Your engine and transmission rely on a network of sensors to monitor things like the volume of air entering the engine, the crankshaft and cam position in real time, the oxygen content of the exhaust and many other factors. The engine computer uses this information to determine fuel metering and transmission shift points, and to keep emissions in check. An abnormal reading from a sensor can light up the Check Engine light on the dashboard, meaning that a trouble code has been stored in the computer. A tech can then access that code with a scan tool.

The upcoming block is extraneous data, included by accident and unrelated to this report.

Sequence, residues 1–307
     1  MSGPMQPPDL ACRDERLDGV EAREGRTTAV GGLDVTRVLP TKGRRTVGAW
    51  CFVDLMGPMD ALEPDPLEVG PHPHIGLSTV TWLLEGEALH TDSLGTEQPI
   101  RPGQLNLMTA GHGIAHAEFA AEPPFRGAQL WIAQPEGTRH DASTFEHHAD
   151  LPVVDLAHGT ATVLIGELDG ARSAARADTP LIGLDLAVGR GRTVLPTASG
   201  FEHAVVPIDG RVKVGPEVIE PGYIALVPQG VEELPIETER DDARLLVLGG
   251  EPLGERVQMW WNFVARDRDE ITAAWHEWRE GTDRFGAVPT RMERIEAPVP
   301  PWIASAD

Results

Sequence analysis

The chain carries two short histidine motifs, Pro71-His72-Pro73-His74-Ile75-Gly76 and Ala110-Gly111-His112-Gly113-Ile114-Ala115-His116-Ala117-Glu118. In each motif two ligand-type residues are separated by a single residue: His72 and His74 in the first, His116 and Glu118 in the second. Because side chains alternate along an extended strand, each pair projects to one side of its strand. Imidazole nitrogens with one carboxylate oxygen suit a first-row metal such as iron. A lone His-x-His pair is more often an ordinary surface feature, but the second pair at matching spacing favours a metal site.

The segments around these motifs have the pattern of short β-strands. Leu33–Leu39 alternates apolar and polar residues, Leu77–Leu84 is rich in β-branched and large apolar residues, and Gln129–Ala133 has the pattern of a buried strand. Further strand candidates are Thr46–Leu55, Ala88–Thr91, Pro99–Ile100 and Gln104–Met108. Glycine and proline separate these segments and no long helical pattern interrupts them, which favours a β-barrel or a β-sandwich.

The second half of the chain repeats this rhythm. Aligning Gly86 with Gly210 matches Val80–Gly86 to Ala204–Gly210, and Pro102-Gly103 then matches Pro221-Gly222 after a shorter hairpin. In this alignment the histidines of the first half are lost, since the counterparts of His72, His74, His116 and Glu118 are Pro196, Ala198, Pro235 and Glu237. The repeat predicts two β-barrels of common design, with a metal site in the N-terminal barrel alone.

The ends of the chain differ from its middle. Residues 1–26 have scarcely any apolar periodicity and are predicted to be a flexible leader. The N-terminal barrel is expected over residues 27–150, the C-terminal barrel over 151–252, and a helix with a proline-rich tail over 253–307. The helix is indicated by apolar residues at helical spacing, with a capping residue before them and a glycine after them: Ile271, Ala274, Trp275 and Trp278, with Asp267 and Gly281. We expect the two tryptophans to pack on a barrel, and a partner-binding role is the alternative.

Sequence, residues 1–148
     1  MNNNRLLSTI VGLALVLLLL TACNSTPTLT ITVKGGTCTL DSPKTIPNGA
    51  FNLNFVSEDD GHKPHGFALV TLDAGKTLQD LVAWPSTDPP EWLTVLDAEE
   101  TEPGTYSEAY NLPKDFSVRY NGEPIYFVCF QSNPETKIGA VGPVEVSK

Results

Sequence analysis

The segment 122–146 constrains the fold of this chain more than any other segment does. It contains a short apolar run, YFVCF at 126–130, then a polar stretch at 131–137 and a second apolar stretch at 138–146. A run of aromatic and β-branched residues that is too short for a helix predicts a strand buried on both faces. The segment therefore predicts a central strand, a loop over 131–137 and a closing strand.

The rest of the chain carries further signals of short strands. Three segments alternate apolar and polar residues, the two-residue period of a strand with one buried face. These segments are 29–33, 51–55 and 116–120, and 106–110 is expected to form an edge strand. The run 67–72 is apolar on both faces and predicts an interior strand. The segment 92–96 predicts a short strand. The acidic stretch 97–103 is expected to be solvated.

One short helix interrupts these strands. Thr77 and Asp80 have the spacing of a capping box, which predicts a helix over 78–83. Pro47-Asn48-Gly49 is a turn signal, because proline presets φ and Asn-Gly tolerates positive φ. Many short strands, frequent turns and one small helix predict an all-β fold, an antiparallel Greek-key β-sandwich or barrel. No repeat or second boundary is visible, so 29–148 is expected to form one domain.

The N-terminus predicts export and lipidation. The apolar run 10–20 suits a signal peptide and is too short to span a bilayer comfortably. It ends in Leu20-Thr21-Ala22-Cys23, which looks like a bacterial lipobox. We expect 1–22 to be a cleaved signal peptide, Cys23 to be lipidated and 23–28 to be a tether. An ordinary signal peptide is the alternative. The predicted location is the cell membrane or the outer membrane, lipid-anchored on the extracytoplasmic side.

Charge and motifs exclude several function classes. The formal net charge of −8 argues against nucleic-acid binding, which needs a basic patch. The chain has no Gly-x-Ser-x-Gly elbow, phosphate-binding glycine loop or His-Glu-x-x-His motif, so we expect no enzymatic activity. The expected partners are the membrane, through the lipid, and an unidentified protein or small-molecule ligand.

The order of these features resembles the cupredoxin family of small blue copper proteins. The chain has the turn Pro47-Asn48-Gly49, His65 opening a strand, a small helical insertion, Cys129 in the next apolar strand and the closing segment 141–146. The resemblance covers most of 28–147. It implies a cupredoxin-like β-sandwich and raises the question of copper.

Beginning in the late 80s, engines started to rely more and more on sensors and electronics to manage fuel metering, emissions, transmission shift points and other performance factors. In the mid-90s, early systems for engine management were standardized into the OBD-II (On Board Diagnostic) system we're familiar with today.
When a sensor sends the engine computer a reading that's outside of normal parameters, the computer registers a trouble code and illuminates the Check Engine light on the dashboard. If your Check Engine light is on, it could mean something minor or something more significant. Stop by your local store and we can access your trouble codes free of charge. Just see one of our store associates